## If both equations are linear

Imagine the two equations

`3x - 7y = 1y = 2x - 8`

We want to find the value of x and the value of y.

`3x - 7y = 1y = 2x - 8`

First, we rearrange the first equation to make `y` the subject. That goes like this -

`3x - 7y = 13x - 1 = 7y(3x - 1)/ 7 = y`

So far so good. Now we have two equations for y. The next logical thing to do is put them together, like this -

`(3x - 1)/ 7 = 2x - 8`

Now, we solve this for x. We will then have a value for x. Like this -

`3x - 1 = 7( 2x - 8 )3x - 1 = 14x - 56-1 = 11x - 5611x = 55 55 / 11 = x`

**x = 5**

x is 5! Now, to get y, we simply subsitute this value for x back into one of the original equations, like so -

`y = 2x - 8y = (2 * 5) - 8y = 10 - 8`

**y = 2**

Voila, we now have values for x and y! This method is the hardest of the two to get to grips with, but the simplest once you master it.

### If only one equation is linear

If only one of the equations in a simultaneous pair is linear, then the above method becomes a little different. Imagine one is linear and one is quadratic, like this -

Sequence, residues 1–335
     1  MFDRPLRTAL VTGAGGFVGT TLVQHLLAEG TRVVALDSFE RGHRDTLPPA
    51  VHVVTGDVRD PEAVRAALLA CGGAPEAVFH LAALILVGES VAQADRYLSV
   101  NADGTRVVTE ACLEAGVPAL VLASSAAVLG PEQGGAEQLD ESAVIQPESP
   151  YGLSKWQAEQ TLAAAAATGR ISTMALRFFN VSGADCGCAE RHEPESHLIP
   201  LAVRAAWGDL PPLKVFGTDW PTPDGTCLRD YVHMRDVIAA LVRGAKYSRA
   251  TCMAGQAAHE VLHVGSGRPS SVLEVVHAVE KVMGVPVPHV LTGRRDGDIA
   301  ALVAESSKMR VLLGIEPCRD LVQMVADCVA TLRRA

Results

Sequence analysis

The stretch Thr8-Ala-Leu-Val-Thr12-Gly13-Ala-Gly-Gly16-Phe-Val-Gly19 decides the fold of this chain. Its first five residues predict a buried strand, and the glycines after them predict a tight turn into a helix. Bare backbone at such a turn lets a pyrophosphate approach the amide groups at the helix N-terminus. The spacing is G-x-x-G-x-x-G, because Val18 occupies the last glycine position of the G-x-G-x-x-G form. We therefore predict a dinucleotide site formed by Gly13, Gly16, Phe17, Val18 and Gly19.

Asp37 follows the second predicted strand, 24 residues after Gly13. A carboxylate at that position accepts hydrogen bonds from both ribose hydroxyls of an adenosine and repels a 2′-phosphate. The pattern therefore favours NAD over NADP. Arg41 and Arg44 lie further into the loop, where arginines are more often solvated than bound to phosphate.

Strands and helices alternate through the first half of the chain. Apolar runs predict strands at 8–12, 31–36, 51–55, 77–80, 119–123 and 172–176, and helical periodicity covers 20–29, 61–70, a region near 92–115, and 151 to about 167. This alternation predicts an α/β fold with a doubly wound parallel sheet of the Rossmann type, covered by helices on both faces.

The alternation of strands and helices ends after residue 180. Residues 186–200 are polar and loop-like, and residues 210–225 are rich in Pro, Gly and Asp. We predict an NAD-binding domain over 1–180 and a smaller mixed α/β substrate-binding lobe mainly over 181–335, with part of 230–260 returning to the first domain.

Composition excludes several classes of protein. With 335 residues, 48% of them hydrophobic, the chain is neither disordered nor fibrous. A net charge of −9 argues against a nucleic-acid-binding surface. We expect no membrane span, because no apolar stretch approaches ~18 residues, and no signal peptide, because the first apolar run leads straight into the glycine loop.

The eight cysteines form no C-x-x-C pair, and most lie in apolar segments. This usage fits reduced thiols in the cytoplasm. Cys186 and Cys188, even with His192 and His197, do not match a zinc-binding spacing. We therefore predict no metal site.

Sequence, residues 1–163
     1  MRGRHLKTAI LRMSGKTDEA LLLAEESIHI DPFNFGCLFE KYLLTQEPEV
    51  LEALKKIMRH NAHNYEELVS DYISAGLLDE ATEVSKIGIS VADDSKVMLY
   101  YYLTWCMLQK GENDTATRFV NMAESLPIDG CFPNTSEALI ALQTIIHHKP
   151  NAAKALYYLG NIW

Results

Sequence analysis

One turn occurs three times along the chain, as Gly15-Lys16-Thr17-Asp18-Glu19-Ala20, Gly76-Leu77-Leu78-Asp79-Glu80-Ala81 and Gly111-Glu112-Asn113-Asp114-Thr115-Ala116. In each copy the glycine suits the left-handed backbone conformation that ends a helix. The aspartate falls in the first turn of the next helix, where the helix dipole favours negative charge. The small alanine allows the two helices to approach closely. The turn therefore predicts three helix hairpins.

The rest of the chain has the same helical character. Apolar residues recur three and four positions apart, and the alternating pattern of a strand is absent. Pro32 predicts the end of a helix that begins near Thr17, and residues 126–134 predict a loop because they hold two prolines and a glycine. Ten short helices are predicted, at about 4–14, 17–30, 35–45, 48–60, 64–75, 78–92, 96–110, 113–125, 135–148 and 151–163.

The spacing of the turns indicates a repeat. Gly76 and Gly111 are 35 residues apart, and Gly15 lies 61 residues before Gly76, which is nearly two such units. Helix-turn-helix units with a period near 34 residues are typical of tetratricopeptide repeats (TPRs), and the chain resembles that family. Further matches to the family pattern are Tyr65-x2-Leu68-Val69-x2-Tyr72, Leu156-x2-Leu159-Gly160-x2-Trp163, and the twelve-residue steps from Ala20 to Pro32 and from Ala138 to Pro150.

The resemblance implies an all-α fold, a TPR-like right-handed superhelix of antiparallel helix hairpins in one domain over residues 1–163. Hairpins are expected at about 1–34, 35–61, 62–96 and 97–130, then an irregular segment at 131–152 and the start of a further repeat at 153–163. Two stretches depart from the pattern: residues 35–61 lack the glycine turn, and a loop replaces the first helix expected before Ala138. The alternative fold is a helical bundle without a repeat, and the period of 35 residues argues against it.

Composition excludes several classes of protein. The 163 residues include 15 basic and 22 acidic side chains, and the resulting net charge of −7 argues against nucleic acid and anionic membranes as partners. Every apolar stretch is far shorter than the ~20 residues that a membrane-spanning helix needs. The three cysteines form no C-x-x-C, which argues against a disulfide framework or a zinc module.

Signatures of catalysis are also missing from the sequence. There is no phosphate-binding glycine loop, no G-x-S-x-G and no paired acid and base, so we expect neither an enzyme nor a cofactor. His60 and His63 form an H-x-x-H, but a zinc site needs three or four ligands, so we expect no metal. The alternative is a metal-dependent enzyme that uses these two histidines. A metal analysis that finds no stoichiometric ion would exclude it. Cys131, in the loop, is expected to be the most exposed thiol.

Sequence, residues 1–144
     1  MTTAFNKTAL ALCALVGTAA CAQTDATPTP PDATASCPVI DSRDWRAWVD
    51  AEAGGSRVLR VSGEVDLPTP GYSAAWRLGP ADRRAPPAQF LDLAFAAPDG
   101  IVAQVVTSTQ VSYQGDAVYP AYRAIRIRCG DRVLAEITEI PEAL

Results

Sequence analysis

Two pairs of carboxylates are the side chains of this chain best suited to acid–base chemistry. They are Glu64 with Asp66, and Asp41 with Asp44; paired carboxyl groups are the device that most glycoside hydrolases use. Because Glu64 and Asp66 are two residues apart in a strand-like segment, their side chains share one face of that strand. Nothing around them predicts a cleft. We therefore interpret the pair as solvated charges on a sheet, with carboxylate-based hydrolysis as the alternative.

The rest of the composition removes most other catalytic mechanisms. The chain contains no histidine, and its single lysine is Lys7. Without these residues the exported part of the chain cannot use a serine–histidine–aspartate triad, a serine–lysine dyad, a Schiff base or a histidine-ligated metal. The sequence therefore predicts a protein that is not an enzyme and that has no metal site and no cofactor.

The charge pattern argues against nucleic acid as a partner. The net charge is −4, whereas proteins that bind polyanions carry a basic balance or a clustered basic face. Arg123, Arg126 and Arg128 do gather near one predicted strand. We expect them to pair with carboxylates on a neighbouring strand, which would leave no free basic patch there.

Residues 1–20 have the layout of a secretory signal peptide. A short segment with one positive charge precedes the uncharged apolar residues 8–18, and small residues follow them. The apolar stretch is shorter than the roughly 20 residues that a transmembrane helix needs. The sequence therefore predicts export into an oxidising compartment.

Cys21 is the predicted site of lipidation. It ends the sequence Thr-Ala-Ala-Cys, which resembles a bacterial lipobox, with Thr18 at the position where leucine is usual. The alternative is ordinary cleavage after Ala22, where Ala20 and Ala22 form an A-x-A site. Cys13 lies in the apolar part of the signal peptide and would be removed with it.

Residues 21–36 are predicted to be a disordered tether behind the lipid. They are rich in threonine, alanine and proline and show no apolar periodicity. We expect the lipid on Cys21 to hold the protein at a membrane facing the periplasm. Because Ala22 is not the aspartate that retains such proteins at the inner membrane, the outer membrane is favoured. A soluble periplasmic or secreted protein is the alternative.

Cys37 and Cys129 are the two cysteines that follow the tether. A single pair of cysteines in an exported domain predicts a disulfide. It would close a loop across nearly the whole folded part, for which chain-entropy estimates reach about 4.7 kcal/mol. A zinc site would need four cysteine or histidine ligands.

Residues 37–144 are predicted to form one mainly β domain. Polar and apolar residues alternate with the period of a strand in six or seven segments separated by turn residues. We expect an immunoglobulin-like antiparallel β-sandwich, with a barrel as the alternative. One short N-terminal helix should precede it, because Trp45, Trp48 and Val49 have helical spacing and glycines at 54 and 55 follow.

`y = 3x + 2y = x ^{2} + 2x + 2`

As both of these are equations for y, we can put them together like this -

`3x + 2 = y = x ^{2} + 2x + 2`

Then we can rearrange it into a quadratic equation, like this -

`0 = x ^{2} - x`

The solution to this simple quadratic can then be found by completing the square, the quadratic formula or factorising. Then, when you have the two solutions to the quadratic equation, you simply plug these values for x back into one of the original equations to get values for y. In this case, when x = 1, y =5 and when x = 0, y = 2.